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Practical Machine Learning Problems

Last Updated on January 20, 2018

What is Machine Learning? We can read authoritative definitions of machine learning, but really, machine learning is defined by the problem being solved. Therefore the best way to understand machine learning is to look at some example problems.

In this post we will first look at some well known and understood examples of machine learning problems in the real world. We will then look at a taxonomy (naming system) for standard machine learning problems and learn how to identify a problem as one of these standard cases. This is valuable, because knowing the type of problem we are facing allows us to think about the data we need and the types of algorithms to try.

10 Examples of Machine Learning Problems

Machine Learning problems are abound. They make up core or difficult parts of the software you use on the web or on your desktop everyday. Think of the “do you want to follow” suggestions on twitter and the speech understanding in Apple’s Siri.

Below are 10 examples of machine learning that really ground what machine learning is all about.

  • Spam Detection: Given email in an inbox, identify those email messages that are spam and those that are not. Having a model of this problem would allow a program to leave non-spam emails in the inbox and move spam emails to a spam folder. We should all be familiar with this example.
  • Credit Card Fraud Detection: Given credit card transactions for a customer in a month, identify those transactions that were made by the customer and those that were not. A program with a model of this decision could refund those transactions that were fraudulent.
  • Digit Recognition: Given a zip codes hand written on envelops, identify the digit for each hand written character. A model of this problem would allow a computer program to read and understand handwritten zip codes and sort envelops by geographic region.
  • Speech Understanding: Given an utterance from a user, identify the specific request made by the user. A model of this problem would allow a program to understand and make an attempt to fulfil that request. The iPhone with Siri has this capability.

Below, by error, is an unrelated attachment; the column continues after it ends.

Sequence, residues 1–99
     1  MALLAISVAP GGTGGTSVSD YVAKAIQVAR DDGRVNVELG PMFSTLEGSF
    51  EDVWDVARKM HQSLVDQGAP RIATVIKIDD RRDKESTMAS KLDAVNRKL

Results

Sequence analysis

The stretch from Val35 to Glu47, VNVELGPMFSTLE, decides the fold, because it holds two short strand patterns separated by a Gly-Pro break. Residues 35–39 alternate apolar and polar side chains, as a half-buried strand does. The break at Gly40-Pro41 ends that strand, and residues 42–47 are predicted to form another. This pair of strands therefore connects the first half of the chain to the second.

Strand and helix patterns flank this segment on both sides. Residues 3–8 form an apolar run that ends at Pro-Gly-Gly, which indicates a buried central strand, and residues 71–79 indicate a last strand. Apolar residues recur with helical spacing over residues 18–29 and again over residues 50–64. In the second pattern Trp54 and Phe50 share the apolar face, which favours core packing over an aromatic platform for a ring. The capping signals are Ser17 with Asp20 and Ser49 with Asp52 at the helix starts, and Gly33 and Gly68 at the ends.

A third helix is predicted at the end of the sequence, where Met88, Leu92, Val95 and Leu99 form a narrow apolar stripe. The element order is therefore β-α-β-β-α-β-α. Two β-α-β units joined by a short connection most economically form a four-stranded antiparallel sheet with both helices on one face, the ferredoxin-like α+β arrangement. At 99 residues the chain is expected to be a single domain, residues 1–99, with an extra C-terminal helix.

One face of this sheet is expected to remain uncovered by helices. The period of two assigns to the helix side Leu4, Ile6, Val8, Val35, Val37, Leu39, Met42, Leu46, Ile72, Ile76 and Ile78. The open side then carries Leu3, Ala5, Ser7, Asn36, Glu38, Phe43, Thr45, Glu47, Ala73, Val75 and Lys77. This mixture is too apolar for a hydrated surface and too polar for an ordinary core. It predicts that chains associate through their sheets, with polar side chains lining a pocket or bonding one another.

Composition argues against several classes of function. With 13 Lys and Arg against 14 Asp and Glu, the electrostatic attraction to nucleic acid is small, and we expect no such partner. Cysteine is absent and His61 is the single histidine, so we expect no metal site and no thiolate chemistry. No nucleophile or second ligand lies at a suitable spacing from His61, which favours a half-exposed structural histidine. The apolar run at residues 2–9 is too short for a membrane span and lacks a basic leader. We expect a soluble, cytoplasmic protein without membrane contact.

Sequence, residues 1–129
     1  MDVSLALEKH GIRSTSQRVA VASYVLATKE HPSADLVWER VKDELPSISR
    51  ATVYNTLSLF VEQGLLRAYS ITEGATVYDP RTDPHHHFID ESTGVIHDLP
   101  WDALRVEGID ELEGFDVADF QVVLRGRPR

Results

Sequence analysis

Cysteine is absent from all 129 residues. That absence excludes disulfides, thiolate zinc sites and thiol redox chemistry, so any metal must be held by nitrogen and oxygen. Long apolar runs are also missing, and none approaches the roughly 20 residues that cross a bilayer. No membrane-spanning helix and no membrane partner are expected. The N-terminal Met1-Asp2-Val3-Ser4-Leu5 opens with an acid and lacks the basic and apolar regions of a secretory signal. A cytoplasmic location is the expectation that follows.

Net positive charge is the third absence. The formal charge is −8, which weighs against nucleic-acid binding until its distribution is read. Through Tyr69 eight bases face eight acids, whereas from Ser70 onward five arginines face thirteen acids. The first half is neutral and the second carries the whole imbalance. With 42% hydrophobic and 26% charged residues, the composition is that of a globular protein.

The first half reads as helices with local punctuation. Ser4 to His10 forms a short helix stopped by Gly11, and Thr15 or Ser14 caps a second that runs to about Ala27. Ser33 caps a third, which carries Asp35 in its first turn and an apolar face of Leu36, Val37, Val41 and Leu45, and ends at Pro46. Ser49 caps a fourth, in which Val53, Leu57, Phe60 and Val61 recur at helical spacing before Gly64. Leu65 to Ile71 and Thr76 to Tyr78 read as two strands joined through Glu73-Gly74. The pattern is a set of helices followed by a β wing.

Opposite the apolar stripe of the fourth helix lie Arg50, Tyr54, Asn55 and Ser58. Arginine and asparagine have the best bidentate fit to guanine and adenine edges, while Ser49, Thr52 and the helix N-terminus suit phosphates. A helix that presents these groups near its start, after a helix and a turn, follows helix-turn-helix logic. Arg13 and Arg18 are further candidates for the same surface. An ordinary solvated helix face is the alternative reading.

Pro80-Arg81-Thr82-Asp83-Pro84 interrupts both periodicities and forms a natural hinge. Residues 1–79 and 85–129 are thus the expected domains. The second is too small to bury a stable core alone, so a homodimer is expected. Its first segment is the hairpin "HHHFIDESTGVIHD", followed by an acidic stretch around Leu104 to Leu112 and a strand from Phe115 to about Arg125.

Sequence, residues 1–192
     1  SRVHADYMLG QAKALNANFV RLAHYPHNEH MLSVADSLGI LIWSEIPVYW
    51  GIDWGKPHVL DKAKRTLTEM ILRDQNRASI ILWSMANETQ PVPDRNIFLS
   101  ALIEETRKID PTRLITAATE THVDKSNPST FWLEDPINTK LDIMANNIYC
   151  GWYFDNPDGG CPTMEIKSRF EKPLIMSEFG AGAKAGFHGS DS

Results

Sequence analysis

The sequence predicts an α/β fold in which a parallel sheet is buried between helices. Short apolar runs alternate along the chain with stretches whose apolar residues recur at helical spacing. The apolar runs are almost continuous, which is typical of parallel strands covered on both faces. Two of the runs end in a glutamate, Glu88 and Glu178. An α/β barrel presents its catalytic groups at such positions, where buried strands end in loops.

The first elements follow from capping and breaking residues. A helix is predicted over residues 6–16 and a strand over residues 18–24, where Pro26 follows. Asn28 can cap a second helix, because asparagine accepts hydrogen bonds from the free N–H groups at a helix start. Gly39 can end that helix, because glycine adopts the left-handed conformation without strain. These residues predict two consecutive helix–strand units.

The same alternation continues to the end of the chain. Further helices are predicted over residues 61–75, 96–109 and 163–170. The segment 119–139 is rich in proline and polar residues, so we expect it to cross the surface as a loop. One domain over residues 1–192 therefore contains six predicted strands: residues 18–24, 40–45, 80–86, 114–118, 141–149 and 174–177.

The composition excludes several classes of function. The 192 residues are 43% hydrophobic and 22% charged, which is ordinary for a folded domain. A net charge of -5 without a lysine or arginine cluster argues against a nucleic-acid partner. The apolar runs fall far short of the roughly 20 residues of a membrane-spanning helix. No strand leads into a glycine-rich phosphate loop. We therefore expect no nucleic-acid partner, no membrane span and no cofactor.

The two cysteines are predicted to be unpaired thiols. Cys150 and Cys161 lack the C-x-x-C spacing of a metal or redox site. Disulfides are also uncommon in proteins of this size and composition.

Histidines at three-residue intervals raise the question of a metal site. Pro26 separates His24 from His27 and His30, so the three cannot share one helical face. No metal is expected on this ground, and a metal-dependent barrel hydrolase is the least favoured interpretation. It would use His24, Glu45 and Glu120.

• Face Detection: Given a digital photo album of many hundreds of digital photographs, identify those photos that include a given person. A model of this decision process would allow a program to organize photos by person. Some cameras and software like iPhoto has this capability.

Face Detection

Example of Face Detection in a Photo.
Photo by mr. ‘sto Licensed under a Attribution-ShareAlike 2.0 Generic Creative Commons License.

  • Product Recommendation: Given a purchase history for a customer and a large inventory of products, identify those products in which that customer will be interested and likely to purchase. A model of this decision process would allow a program to make recommendations to a customer and motivate product purchases. Amazon has this capability. Also think of Facebook, GooglePlus and LinkedIn that recommend users to connect with you after you sign-up.
  • Medical Diagnosis: Given the symptoms exhibited in a patient and a database of anonymized patient records, predict whether the patient is likely to have an illness. A model of this decision problem could be used by a program to provide decision support to medical professionals.
  • Stock Trading: Given the current and past price movements for a stock, determine whether the stock should be bought, held or sold. A model of this decision problem could provide decision support to financial analysts.
  • Customer Segmentation: Given the pattern of behaviour by a user during a trial period and the past behaviours of all users, identify those users that will convert to the paid version of the product and those that will not. A model of this decision problem would allow a program to trigger customer interventions to persuade the customer to covert early or better engage in the trial.
  • Shape Detection: Given a user hand drawing a shape on a touch screen and a database of known shapes, determine which shape the user was trying to draw. A model of this decision would allow a program to show the platonic version of that shape the user drew to make crisp diagrams. The Instaviz iPhone app does this.

These 10 examples give a good sense of what a machine learning problem looks like. There is a corpus of historic examples, there is a decision that needs to be modelled and a business or domain benefit to having that decision modelled and efficaciously made automatically.